Dear Dr. Daniel: I live in a city which has a high level of ozone and particulates, but I lived here for many years without making my asthma worse. Then I started drinking soy milk with the intention of improving my health. I was so into soy milk that I even purchased a soy milk machine. I didn’t make the connection until reading your article in Nexus. Quitting soy milk has greatly helped. I am pursuing a nearly vegan diet to lose weight, with occasional side trips for a small steak and ice cream. I’d like to do the Weston Price diet but I’d get fat on it. I know what I’m doing is not scientifically great, but it could be worse. Thank you for your work.- -MH
Dear MH, Glad you made the connection between soy milk and asthma. I have heard similar stories from many people. It’s important to stay as soyfree as possible. That includes not using soy-propellant inhalers — Flovent and other some other brands include soy in their propellants — and not breathing soydust-laden air. Beware of bulk bin aisles of health food stores — where there may be soybean dust — and highways — where you may be exposed to the exhaust of motorcycles or cars using biodiesel fuel.
You may be interested to know that epidemiologists consider soybean dust to be an “epidemic asthma agent.” From 1981-1987, soy dust from grain silo unloading in the harbor of Barcelona, Spain, caused 26 epidemics of asthma, seriously jeopardizing 687 people and leading to 1,155 hospitalizations. No further epidemics occurred after filters were installed, but a minor outbreak in 1994 established the need for diligent monitoring of preventive measures. Soy asthma epidemics have also occurred in New Orleans harbor and elsewhere. People who work in bakeries and other places using soy flour or other soy ingredients are prone to developing what’s called “occupational asthma.”
I am happy that your health has improved just from removing soy milk from your diet. However, I would strongly recommend that you reconsider your mostly vegan diet as it will not support the healing of asthma.The best weight loss plan is found in the book Eat Fat/Lose Fat by Dr. Mary Enig and Sally Fallon. It recommends coconut oil, butter and other good fats to nourish the thyroid and support the immune system – weak points for anyone suffering from allergies or asthma.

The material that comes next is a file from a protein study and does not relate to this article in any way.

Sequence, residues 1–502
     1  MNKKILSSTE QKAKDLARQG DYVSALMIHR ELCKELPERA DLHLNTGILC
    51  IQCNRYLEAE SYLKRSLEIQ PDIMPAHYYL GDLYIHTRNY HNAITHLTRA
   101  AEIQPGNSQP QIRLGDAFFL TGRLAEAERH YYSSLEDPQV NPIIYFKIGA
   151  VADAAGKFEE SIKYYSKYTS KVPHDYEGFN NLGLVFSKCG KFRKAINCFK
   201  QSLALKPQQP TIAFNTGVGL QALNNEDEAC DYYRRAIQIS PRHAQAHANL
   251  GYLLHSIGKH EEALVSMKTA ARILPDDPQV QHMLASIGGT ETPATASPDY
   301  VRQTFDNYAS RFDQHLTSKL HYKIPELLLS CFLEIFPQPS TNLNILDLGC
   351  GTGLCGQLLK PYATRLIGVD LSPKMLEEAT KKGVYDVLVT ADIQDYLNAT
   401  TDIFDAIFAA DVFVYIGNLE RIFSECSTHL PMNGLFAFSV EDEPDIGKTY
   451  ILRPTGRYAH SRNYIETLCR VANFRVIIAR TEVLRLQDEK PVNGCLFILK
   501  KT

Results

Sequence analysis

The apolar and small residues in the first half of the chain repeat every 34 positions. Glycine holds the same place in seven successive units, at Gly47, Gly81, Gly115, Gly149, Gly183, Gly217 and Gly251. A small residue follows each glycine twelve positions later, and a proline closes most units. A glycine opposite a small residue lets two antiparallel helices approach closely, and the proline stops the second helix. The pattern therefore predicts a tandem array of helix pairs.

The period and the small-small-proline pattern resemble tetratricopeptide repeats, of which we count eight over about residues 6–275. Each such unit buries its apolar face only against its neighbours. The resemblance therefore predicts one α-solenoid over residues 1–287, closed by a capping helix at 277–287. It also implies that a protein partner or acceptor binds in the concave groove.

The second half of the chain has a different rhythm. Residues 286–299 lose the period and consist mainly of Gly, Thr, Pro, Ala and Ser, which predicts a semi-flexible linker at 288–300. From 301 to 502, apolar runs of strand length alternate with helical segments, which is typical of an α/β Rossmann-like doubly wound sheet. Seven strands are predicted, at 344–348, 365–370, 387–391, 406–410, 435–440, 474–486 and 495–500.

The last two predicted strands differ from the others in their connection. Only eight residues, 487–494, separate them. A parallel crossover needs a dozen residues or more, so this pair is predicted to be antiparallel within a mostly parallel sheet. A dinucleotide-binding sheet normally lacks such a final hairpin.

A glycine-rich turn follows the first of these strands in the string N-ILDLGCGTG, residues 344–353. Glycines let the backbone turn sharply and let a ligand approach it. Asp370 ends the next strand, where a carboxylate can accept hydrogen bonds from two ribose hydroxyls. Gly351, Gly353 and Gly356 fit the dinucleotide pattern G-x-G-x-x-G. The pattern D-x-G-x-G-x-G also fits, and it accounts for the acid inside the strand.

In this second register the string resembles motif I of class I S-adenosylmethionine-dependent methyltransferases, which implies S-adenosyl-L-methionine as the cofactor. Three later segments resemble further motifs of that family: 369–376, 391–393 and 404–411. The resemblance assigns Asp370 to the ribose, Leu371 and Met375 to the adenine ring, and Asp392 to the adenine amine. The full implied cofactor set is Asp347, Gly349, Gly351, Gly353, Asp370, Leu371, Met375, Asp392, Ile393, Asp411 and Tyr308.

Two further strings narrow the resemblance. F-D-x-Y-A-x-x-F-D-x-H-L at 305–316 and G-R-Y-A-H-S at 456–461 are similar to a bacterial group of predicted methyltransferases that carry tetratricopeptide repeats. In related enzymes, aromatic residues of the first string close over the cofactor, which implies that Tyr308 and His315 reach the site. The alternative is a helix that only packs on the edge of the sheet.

Contrary to popular belief, we need saturated fats. Indeed the lungs cannot work properly without them. The reason is that lung surfactant –a fluid that enables the lungs to work properly — needs to be 100 percent saturated. When people consume polyunsaturated fats — as would be true with a vegan diet– the lungs do not work as effectively. Research has linked the consumption of trans fats and excess polyunsaturated oils to the rising incidence of asthma in children. Children who consume a lot of butter have much lower rates of asthma and also lower rates of allergies. Your body has been craving steak and ice cream because of its need for good saturated fat. Help your body by procuring the highest quality grassfed meat and fullfat raw dairy products, preferably raw. If you are going to eat ice cream, make sure it’s a high-end product and choose the flavors with the highest fat and lowest sugar content. Vegans will improve their chances if they at least use coconut oil.
Dear Dr. Daniel, The deaths of Peter Jennings and Dana Reeve put the fear of lung cancer into me. Mrs. Reeve had never even smoked and now we’re hearing about many other cases of lung cancer in people like her. This week’s New Yorker even has a story about hospice care and the tragic last days of a 34 year old woman who died of lung cancer, not long after giving birth to a baby. What is causing all these tragedies?Do you have any reason to think that soy could be responsible? –ST